Knowledge Management to Organizational Learning and Knowledge
The implementation of Knowledge Management within an organization is critical to the development of activities that constitute the organizational learning process and the processes by which organizational knowledge is analyzed, valued, and utilized within organizational operations or functioning. For instance, the objectives of Knowledge Management creates the design of the organizational learning process, including its contents, the process by which the learning process takes place, the individuals who will undergo the learning process, and so on.
Moreover, the purpose of Knowledge Management also dictates how knowledge is rendered valuable, the kinds of information that the organization will utilize, the process by which knowledge is to be applied, etc. Overall, the structure and dimensions of Knowledge Management, particularly its goals and objectives, guide the process of organizational learning and how existing knowledge is appraised and chosen for the organization’s disposal. (The KM Forum & Newman, 2002)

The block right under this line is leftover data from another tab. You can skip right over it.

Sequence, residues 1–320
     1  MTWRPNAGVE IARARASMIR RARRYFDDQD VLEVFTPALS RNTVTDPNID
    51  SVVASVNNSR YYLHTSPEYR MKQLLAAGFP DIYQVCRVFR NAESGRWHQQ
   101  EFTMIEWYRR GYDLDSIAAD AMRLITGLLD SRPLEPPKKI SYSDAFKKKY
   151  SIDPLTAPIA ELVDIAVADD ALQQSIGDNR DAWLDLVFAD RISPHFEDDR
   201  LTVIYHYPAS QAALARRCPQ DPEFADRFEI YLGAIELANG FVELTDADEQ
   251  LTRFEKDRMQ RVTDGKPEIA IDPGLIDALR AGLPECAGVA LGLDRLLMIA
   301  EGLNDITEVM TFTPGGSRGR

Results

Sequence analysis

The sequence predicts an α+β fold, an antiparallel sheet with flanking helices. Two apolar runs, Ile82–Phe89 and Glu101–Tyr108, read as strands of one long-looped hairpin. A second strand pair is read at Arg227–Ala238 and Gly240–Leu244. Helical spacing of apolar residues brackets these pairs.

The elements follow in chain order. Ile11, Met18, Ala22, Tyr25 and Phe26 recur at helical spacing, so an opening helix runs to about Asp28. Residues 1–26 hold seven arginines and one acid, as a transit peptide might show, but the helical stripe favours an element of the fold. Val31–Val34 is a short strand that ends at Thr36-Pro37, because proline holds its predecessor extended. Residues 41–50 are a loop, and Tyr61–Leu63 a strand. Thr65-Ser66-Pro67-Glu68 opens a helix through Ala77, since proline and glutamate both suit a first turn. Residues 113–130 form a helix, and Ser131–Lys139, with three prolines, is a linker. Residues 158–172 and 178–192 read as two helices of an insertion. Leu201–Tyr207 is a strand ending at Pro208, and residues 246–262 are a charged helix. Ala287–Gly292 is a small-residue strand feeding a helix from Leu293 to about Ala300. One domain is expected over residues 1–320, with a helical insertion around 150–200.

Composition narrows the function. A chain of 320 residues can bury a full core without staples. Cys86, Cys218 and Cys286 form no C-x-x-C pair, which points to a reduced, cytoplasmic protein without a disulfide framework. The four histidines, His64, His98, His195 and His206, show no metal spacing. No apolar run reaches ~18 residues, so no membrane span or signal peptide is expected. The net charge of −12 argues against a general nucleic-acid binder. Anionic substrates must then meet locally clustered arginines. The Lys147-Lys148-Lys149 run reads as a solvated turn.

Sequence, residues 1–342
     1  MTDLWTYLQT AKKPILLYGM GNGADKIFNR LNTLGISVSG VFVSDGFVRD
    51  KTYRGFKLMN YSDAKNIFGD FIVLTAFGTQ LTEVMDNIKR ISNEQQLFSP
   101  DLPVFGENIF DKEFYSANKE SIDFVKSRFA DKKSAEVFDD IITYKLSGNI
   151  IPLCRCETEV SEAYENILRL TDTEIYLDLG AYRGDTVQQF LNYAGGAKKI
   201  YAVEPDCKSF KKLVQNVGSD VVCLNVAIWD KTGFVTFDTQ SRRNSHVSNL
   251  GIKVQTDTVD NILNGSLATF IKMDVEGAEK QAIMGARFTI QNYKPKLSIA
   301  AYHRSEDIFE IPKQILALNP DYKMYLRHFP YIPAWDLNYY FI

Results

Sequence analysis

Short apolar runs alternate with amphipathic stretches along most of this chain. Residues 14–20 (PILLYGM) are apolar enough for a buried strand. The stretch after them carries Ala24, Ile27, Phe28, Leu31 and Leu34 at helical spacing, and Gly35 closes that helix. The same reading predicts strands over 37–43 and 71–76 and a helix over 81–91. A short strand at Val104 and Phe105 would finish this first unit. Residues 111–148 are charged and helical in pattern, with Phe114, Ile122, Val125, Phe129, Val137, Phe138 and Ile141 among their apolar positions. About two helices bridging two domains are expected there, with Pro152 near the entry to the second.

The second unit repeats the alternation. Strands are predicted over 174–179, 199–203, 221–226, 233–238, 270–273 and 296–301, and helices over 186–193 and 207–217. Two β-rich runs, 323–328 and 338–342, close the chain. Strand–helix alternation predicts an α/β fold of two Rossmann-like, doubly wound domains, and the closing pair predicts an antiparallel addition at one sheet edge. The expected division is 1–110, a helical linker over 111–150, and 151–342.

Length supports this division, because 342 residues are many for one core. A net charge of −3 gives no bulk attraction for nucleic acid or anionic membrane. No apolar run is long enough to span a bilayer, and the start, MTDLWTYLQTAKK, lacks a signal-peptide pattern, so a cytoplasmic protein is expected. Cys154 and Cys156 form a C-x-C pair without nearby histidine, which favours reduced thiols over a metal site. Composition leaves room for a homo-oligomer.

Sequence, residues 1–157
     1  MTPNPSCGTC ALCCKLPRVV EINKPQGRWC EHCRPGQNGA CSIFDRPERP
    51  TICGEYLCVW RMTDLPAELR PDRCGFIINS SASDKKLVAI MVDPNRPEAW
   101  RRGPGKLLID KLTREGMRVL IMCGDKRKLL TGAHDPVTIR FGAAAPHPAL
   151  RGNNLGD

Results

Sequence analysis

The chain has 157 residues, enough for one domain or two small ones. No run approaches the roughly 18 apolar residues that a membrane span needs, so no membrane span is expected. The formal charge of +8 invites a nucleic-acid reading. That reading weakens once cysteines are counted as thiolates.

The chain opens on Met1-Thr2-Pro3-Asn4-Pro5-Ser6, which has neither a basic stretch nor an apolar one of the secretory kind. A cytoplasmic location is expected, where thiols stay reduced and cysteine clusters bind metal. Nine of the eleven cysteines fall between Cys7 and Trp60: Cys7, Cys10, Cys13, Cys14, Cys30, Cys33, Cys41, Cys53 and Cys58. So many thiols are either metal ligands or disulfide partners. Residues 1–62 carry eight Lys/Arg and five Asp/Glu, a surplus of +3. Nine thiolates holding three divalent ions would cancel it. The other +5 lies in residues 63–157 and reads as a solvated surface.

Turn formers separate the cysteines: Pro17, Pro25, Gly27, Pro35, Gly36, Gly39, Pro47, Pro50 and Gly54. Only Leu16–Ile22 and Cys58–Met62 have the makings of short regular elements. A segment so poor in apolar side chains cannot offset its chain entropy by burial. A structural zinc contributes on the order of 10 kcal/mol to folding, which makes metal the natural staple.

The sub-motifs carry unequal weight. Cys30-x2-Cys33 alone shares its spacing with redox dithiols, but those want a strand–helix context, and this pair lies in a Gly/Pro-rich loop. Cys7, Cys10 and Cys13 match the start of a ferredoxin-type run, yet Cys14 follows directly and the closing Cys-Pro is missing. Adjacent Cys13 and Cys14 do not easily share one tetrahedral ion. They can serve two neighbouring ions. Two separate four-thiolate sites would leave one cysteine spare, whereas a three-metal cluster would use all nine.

Based on the previous discussions on Knowledge Management, Organizational Learning, and Organizational Knowledge, we have gained a clearer perspective on how learning organizations operate. Learning organizations implement Knowledge Management in order to oversee how the learning process is conducted and how knowledge is obtained and utilized in the process.
In turn, the organizational learning and process and the obtained organizational knowledge are essential in developing the framework of Knowledge Management since the organization would be unable to capitalize on knowledge unless it implements processes or opens up opportunities for learning, and renders knowledge as essential in its growth and development.
Lewis, J.J. (N.D.) Knowledge Quotes from Wisdom Quotes: Quotations to Inspire
And Challenge. Retrieved 24 April 2009 from: http://www.wisdomquotes.com/cat_knowledge.html
Levinson, M. (N.D.) ABC: An Introduction to Knowledge Management (KM): The
Basic Guide to Knowledge Management (KM). Retrieved 24 April 2009 from: http://www.cio.com/article/40343/ABC_An_Introduction_to_Knowledge_Management_KM_